First of all the way the payload is configured is patented by us. All the Ka-band deployments in the United States and Europe are designed for consumer broadband, which is good. But the problem is that it limited the flexibility for other applications in those payloads. It’s limited in distribution of local TV content, and it’s limited in distribution for GSM backhaul networks and for use of the footprints for using consumer broadband in a way you can support the other two applications. 

I cannot tell you what the patent is but I can say that the way we have patented that payload and configured it to allow multipurpose uses in Ka-band. It is not just for accessing consumer broadband. We will be disclosing more of that later.

Is this patent pending or already patented?

We have around 12 patents, some are pending. 

When you say flexibility, do you mean the ability to assign capacity after launch to different areas depending on where demand is greatest?

That is one aspect, yes. The other one is how the payload is used for local content combined with international content, domestic combined with international traffic, distribution of local video and web capacity as well.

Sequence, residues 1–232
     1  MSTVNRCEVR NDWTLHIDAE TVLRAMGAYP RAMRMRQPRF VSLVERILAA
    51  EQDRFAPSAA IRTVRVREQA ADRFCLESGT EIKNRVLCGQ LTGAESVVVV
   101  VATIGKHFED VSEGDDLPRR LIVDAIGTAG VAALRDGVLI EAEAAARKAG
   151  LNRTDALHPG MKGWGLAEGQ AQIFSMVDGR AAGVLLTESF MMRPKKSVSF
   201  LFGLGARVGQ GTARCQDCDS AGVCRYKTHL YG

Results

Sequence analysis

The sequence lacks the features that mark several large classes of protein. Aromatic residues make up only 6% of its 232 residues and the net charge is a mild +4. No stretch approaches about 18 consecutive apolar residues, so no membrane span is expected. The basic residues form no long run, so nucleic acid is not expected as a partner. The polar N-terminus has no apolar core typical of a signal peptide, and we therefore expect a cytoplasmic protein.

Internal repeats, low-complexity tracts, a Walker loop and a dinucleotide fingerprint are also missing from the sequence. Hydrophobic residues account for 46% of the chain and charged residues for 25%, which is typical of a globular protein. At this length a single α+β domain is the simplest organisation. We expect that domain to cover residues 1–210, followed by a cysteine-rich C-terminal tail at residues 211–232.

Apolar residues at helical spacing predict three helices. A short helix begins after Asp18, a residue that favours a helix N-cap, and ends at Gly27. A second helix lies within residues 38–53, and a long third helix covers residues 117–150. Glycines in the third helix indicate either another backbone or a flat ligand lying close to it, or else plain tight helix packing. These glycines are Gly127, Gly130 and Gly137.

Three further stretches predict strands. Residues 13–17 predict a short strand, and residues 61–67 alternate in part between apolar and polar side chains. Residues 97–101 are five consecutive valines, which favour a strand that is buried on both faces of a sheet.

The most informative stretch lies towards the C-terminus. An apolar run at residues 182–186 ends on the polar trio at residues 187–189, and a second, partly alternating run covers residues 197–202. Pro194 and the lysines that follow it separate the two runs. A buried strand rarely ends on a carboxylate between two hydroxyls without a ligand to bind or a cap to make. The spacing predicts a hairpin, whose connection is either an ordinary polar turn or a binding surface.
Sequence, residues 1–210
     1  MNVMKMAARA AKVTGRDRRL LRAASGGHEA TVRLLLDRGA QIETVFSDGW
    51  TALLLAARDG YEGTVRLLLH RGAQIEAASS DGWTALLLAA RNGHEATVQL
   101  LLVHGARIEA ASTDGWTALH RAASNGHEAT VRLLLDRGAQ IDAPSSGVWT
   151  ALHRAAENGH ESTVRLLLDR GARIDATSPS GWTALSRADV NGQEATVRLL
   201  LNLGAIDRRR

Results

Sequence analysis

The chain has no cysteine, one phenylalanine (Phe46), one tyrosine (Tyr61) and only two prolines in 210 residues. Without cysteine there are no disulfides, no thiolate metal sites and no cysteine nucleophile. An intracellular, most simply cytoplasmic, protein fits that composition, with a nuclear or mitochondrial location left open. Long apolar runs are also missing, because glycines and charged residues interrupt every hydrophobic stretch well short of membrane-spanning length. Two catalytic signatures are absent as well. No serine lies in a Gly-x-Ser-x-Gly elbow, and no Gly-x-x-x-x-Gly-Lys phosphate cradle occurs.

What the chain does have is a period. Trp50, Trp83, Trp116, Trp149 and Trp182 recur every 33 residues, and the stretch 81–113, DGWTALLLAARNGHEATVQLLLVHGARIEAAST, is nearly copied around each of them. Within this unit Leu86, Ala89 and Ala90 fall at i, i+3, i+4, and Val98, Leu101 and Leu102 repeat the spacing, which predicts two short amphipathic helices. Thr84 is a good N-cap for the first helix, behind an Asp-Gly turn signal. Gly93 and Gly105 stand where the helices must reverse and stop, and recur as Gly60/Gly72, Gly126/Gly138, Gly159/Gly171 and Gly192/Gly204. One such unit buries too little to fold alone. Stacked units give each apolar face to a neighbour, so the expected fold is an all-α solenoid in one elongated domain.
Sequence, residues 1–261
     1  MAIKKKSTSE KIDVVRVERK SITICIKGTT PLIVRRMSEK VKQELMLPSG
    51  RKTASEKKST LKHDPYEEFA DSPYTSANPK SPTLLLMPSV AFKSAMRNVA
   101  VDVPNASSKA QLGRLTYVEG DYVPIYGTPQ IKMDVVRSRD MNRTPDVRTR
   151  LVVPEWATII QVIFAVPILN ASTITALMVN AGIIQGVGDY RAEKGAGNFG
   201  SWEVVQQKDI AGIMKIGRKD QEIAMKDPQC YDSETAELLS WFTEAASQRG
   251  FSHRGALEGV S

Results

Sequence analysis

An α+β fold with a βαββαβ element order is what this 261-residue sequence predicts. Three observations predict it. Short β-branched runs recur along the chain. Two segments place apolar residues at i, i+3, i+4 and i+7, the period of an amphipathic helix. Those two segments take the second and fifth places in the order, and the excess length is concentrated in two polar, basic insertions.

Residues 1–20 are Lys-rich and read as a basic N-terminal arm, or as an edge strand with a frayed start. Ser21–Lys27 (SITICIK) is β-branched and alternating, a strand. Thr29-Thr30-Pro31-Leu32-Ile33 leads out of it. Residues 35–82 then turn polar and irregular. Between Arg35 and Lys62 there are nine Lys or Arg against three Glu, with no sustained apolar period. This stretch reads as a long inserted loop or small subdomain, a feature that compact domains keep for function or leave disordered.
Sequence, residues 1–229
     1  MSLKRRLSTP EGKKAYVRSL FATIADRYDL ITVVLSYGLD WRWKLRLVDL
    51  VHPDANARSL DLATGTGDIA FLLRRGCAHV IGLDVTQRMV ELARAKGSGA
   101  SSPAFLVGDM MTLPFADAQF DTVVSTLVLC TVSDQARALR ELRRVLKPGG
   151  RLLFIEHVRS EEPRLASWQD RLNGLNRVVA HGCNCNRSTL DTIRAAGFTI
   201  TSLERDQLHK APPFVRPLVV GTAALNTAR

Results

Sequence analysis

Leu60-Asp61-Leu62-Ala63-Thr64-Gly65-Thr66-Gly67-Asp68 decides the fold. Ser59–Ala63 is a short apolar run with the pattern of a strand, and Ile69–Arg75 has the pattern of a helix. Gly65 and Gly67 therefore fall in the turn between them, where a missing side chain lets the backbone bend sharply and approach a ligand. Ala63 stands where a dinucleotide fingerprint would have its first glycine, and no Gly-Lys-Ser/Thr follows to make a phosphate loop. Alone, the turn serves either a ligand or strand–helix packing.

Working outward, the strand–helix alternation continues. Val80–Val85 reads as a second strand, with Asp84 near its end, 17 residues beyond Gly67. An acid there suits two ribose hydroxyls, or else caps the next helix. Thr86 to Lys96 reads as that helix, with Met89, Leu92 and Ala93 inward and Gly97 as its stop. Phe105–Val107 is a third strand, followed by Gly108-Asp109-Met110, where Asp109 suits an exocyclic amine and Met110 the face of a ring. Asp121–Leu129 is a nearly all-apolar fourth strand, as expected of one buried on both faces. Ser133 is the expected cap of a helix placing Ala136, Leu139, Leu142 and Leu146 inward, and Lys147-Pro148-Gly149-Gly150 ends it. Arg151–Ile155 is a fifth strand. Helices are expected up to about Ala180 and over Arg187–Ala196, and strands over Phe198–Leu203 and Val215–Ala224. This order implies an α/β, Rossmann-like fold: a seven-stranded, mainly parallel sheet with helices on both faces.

Have you selected partners yet for the ground segment?

We’re working on it.

You are targeting 34 nations with your Badr-7 payload. What is the biggest application you foresee?

Consumer broadband that enables entertainment, GSM backhaul, where we are already a prominent player, and to a smaller degree private networks — in country, not international.

When did you first contact Arabsat for Badr-7? The satellite was first contracted in 2009 without your payload.

We have been working on this for about 18 months.

Has the landscape changed much in that 18 months? 

A couple of other Ka-band projects in the region have emerged.

We understand that each of the others has its own merits, and we wish them good luck.

You said the model you are using on Badr-7 could be replicated elsewhere. What do you mean?

A hosted payload to service consumer broadband in emerging markets. We may have an announcement later in the year on this.

What can you say about bandwidth pricing in Africa and South America?

Pricing is stable.

Even though there are a lot of new satellite operator entrants?